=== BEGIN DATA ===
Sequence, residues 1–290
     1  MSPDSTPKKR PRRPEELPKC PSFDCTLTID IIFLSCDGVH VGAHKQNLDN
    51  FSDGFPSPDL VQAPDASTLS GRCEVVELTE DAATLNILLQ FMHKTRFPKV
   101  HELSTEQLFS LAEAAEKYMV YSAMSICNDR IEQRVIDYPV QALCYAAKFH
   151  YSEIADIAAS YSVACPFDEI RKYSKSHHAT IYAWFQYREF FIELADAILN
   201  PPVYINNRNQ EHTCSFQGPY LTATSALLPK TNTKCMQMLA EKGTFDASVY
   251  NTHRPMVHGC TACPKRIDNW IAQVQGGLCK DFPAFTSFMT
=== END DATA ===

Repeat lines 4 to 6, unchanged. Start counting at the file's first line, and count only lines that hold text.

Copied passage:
   101  HELSTEQLFS LAEAAEKYMV YSAMSICNDR IEQRVIDYPV QALCYAAKFH
   151  YSEIADIAAS YSVACPFDEI RKYSKSHHAT IYAWFQYREF FIELADAILN
   201  PPVYINNRNQ EHTCSFQGPY LTATSALLPK TNTKCMQMLA EKGTFDASVY